The Amazing Spider-Man 2 Review: Second Opinion
WARNING: This review contains MAJOR SPOILERS, but only plot points so stupid you’d think I was making them up.
It’s no secret that I did not like The Amazing Spider-Man, but my main problem was its repetitiveness as a remake of the first Spider-Man. If they’re moving ahead with the story, there’s room for growth. The Amazing Spider-Man 2 is insufferable. I just feel defeated now. Let’s get through Amazing Spider-Man 3, Sinister Six and Venom. They’re going to happen anyway. Then we can move on.
The plot is actually okay, as convoluted connections between set pieces and characters go. Except for the incorporation of FDR’s secret subway line (really?) only to reveal more unnecessary exposition, it’s logical enough that Harry Osborn (Dane DeHaan) needs Spider-Man (Andrew Garfield)’s blood to cure his disease. At least it seemed logical enough until I actually wrote it down. It’s the tone that’s a mess, to a degree that makes me angry. The Amazing Spider-Man 2 wants to be light and funny but it’s masking such dangerous attitudes that it really doesn’t sit well with me.
The opening scene is a flashback to Richard (Campbell Scott) and Mary Parker (Embeth Davidtz)’s plane crash, because why just give a character abandonment issues as a backstory when you can explain them entirely? The action in the sequence isn’t anything fun. It’s just vicious beatings and fights in a careening jet, while Richard races to upload a file that will be important later. It feels like an action sequence from “Alias,” where an airplane sequence was high profile for television, but in film is derivative. Amazing 2 screenwriters Roberto Orci and Alex Kurtzman wrote for “Alias,” though were not credited on the “Phase One” episode I’m referencing. Even a recent superhero movie, The Dark Knight Rises opened with an airplane sequence, but that sequence was artful and contributed to the film’s consistent tone of dread.
When the movie finally gets to Spider-Man (Andrew Garfield), it’s a busy scene with a mess of ADR. I know there’s only so much you can do to convey Spider-Man’s quips at high speed behind a mask, but maybe don’t try to throw 10 quips into a single chase. What you really find with this sequence is the slapstick tone is way off for the realism of the violence. Sam Raimi’s movies had some scary scenes and tonal shifts, but he knew when to be goofy and when to be terrifying. The Doc Ock surgery is all menace, and yet still heightened, like an Evil Dead movie. Here Spider-Man is juggling vials of plutonium while automobiles realistically collide and people are shooting guns.
Maybe if the humor itself worked it would be disarming, but it’s trying so hard to be funny, Spider-Man becomes a party clown hamming it up for kids. There are some well timed bits with a crowbar and a fire extinguisher but that’s about all it gets right. It’s as if somebody made the Radioactive Man movie from “The Simpsons” but didn’t get that it was a satire.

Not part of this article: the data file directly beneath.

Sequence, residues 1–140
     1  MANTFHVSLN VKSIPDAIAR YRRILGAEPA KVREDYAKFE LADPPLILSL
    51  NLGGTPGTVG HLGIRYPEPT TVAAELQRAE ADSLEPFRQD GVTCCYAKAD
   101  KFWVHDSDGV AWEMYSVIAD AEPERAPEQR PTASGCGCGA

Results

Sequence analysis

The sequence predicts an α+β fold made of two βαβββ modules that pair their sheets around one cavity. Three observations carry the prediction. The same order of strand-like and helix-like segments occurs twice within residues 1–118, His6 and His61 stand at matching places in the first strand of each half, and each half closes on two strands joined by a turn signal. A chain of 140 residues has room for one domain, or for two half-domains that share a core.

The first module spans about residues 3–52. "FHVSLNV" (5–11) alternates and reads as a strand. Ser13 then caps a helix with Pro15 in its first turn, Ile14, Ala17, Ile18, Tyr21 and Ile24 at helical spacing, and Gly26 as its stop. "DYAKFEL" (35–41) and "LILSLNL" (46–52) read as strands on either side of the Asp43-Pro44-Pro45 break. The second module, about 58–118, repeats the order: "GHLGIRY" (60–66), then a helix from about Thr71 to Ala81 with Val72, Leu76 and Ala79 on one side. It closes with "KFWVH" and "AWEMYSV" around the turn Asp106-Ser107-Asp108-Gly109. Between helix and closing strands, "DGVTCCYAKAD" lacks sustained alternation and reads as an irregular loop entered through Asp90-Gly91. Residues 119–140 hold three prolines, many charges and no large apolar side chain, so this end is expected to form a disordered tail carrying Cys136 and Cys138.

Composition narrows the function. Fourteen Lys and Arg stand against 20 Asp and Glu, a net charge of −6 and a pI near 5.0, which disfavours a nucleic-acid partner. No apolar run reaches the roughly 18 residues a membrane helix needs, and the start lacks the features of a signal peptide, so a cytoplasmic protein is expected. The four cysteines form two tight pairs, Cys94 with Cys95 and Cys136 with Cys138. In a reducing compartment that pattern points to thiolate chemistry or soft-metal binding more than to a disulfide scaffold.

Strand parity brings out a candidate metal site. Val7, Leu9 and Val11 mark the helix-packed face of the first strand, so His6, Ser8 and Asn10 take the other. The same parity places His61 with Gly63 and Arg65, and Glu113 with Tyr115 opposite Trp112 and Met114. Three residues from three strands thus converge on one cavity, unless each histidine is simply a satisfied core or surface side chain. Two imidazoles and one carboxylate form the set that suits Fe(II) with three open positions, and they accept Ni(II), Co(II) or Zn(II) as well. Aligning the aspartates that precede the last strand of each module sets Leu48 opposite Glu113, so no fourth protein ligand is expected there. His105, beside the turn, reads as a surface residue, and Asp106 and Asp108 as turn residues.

By the time Spider-Man helps an adorable kid, it feels really underhanded. Look how nice Spider-Man is and kids are gonna love this and let us earn your sympathies so we can violate them. We trust our filmmakers to craft a playful tone and not to violate our good will.
The best example of this must be the Max Dillon (Jamie Foxx) character. Spider-Man rescues Max on the street and gives him a pat on the back and tells him how important he is. Max takes this literally, obsessively, fantasizing about Spider-Man. It’s the desire to be seen as perverted by people who don’t understand actual human needs. The screenwriters think they’re speaking to universal emotions, and I know the intent is to heighten it, but their line is way off. Why is Max such a caricature in a world trying so hard to establish itself as “realistic?”
Foxx is actually really good as Electro. It’s his Max Dillon that’s nonsense. His transformation is just due to complete Oscorp negligence. Max may be a nobody, but no corporation hates an employee more than it hates liability. By the way, doesn’t water conduct electricity? Yes, I googled the science on that but if dropping a hair dryer in the bath can kill you, surely spraying water on Electro isn’t a good idea. There must be a “Turn Off the Dark” reference somewhere in Electro’s plan to black out the city.
You know, I’m just going to say it. Garfield and Emma Stone’s chemistry isn’t that good. They make you feel like you’re watching something natural, and their improvisations are surely better than the scripted lines, but they still don’t actually say anything. They just keep babbling and interrupting each other. It only makes me even more resentful that they’re selling us so hard on this. “Like us, dammit!”
There is a tragic scene in the film, and it fits in with the tone better than the comedy does, but it fails to make the point of the tragedy clear. Anyone who knows the comics knows what I’m referring to, but the film muddles the way Spider-Man’s webbing caused the tragedy. It was a lose-lose situation, but that’s why it’s poignant. Superheroes can’t always save the day. Now it just looks like a generic tragedy.
At certain points, The Amazing Spider-Man 2 rises to levels of mediocrity, but I will never forget what’s really going on. There are some nice moments in the Times Square confrontation, but it’s too insidious to even enjoy on that level. The Amazing Spider-Man series is trying to seem family-friendly when it really kind of hates humanity. It thinks playing with kids makes up for belittling the antisocial, and that feelings are just something you talk about until they’re over. I’d rather have some good old empty spectacle at that point.